Replication Fork Stability in Mammalian Cells
2011 (English)Doctoral thesis, comprehensive summary (Other academic)
Maintaining replication fork integrity is vital to preserve genomic stability and avoid cancer. Physical DNA damage and altered nucleotide or protein pools represent replication obstacles, generating replicative stress. Numerous cellular responses have evolved to ensure faithful DNA replication despite such challenges. Understanding those responses is essential to understand and prevent or treat replication-associated diseases, such as cancer.
Re-priming is a mechanism to allow resumption of DNA synthesis past a fork-stalling lesion. This was recently suggested in yeast and explains the formation of gaps during DNA replication on damaged DNA. Using a combination of assays, we indicate the existence of re-priming also in human cells following UV irradiation.
The gap left behind a re-primed fork must be stabilised to avoid replication-associated collapse. Our results show that the checkpoint signalling protein CHK1 is dispensable for stabilisation of replication forks after UV irradiation, despite its role in replication fork progression on UV-damaged DNA. It is not known what proteins are necessary for collapse of an unsealed gap or a stalled fork. We exclude one, previously suggested, endonuclease from this mechanism in UV-irradiated human fibroblasts. We also show that focus formation of repair protein RAD51 is not necessarily associated with cellular sensitivity to agents inducing replicative stress, in rad51d CHO mutant cells.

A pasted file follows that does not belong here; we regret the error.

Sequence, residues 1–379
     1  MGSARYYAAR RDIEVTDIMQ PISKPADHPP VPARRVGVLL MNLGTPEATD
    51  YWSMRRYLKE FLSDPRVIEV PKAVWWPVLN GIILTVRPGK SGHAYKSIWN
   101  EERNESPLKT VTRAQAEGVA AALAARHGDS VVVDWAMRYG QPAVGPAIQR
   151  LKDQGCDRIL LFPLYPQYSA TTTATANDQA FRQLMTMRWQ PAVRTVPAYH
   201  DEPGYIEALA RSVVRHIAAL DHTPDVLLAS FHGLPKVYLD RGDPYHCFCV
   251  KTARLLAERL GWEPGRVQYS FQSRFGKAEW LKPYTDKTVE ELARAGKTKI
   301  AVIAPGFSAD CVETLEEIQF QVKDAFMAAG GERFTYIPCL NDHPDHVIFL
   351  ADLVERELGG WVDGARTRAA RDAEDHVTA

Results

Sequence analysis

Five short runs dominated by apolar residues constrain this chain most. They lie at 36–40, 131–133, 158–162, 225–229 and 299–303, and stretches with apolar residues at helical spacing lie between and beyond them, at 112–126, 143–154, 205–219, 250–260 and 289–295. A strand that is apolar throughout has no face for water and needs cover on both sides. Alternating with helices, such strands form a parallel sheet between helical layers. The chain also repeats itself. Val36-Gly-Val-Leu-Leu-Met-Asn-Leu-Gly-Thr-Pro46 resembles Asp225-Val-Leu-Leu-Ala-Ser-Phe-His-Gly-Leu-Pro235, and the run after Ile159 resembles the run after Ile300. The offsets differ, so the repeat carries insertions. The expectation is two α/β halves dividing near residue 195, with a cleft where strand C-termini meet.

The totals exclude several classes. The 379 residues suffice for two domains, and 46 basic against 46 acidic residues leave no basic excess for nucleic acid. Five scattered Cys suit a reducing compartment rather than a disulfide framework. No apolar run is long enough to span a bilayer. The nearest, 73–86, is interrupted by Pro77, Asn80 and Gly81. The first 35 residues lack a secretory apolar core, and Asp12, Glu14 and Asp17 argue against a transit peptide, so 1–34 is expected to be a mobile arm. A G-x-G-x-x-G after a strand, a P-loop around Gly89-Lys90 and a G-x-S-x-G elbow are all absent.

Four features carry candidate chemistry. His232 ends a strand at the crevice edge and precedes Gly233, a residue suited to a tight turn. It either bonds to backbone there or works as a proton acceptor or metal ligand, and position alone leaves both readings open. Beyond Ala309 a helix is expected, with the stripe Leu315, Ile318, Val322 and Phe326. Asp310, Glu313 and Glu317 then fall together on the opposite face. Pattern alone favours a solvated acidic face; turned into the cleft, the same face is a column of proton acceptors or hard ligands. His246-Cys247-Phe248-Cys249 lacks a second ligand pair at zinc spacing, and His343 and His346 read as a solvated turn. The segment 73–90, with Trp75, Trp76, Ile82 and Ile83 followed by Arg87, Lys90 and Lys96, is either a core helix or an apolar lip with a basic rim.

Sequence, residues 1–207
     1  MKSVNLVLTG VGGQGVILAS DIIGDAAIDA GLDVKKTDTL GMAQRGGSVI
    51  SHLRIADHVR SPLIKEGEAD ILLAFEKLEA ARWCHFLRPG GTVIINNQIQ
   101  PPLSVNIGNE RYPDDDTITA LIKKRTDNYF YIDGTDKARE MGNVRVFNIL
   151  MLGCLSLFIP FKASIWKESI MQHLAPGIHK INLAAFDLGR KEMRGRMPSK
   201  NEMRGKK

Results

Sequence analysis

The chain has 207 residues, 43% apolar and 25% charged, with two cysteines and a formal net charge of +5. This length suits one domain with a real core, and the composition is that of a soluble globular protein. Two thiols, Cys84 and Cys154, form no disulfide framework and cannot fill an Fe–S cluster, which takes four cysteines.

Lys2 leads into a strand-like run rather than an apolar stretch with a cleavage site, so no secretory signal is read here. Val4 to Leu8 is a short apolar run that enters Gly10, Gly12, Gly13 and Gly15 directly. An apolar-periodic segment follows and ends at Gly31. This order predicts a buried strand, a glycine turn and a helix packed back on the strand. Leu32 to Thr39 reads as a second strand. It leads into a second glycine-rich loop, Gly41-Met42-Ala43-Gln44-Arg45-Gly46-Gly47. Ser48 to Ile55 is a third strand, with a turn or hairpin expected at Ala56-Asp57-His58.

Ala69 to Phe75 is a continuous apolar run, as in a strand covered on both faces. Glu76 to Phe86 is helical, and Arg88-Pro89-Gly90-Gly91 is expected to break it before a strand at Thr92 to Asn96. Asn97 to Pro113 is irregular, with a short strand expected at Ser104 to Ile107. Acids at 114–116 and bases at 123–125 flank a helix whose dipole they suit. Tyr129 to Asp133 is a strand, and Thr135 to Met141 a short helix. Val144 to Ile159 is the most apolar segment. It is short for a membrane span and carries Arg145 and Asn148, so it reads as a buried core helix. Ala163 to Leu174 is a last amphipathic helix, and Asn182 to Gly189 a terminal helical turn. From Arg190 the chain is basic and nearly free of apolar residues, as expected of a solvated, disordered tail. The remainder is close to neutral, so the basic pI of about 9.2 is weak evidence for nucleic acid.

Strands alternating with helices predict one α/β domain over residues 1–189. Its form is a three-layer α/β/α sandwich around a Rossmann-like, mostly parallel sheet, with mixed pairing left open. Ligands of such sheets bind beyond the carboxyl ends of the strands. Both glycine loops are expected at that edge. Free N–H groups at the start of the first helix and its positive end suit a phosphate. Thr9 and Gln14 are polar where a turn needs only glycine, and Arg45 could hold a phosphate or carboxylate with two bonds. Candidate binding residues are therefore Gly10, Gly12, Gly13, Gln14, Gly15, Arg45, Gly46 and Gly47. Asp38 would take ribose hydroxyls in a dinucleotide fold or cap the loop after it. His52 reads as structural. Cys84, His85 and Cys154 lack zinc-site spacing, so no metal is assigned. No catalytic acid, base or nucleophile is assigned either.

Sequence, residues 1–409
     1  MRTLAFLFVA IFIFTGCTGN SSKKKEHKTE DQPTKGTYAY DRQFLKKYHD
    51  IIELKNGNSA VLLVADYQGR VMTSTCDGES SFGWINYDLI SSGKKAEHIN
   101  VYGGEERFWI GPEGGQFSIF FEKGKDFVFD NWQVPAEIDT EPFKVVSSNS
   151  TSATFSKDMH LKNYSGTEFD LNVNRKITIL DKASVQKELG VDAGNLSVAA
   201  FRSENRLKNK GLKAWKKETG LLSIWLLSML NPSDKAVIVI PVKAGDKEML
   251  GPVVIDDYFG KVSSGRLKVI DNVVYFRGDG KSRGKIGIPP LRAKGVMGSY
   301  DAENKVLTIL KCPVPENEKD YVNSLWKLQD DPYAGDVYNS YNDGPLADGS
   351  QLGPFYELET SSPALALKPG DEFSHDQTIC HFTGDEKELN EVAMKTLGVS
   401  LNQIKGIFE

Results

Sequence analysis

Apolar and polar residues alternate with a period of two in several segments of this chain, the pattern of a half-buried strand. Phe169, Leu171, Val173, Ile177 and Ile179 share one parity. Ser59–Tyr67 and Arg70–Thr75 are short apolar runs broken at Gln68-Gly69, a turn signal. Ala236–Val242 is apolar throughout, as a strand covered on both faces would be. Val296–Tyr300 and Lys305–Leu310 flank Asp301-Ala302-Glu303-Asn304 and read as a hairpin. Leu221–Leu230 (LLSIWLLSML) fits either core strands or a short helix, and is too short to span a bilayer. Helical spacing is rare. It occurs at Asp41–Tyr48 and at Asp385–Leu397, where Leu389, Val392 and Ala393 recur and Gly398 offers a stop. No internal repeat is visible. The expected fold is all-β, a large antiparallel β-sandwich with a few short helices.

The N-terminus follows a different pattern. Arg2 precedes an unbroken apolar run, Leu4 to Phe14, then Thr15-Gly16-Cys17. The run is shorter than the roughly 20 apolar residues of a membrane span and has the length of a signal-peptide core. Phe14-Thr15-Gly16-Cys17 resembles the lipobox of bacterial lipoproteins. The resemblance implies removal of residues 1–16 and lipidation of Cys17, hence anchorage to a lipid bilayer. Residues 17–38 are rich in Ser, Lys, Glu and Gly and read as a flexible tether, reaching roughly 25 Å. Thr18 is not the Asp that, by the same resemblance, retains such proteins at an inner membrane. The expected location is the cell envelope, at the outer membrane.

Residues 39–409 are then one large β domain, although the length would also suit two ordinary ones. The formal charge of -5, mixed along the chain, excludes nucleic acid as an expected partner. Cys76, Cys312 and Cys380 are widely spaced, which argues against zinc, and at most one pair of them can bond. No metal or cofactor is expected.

Multiple factors are required for replication fork stability, also under unperturbed conditions. We identify the histone methyltransferase SET8 as an important player in the maintenance of replication fork stability. SET8 is required for replication fork progression, and depletion of SET8 led to the formation of replication-associated DNA damage.
In summary, our results increase the knowledge about mechanisms and signalling at replication forks in unperturbed cells and after induction of replicative stress.
Place, publisher, year, edition, pages
Stockholm: Department of Genetics, Microbiology and Toxicology, Stockholm University , 2011. , 77 p.
replication fork progression, replication fork stability, re-priming, DNA damage signalling
Research subject Molecular Genetics
IdentifiersURN: urn:nbn:se:su:diva-56697ISBN: 978-91-7447-270-7 (print)OAI: oai:DiVA.org:su-56697DiVA: diva2:412246
2011-05-26, Magnélisalen, Kemiska övningslaboratoriet, Svante Arrhenius väg 16 B, Stockholm, 10:00 (English)
Hoeijmakers, Jan H. J., Professor
Helleday, Thomas, Professor
At the time of the doctoral defense, the following papers were unpublished and had a status as follows: Paper 1: Submitted. Paper 2: Submitted. Paper 3: Manuscript. Paper 5: Submitted.2011-05-042011-04-212011-06-21Bibliographically approved
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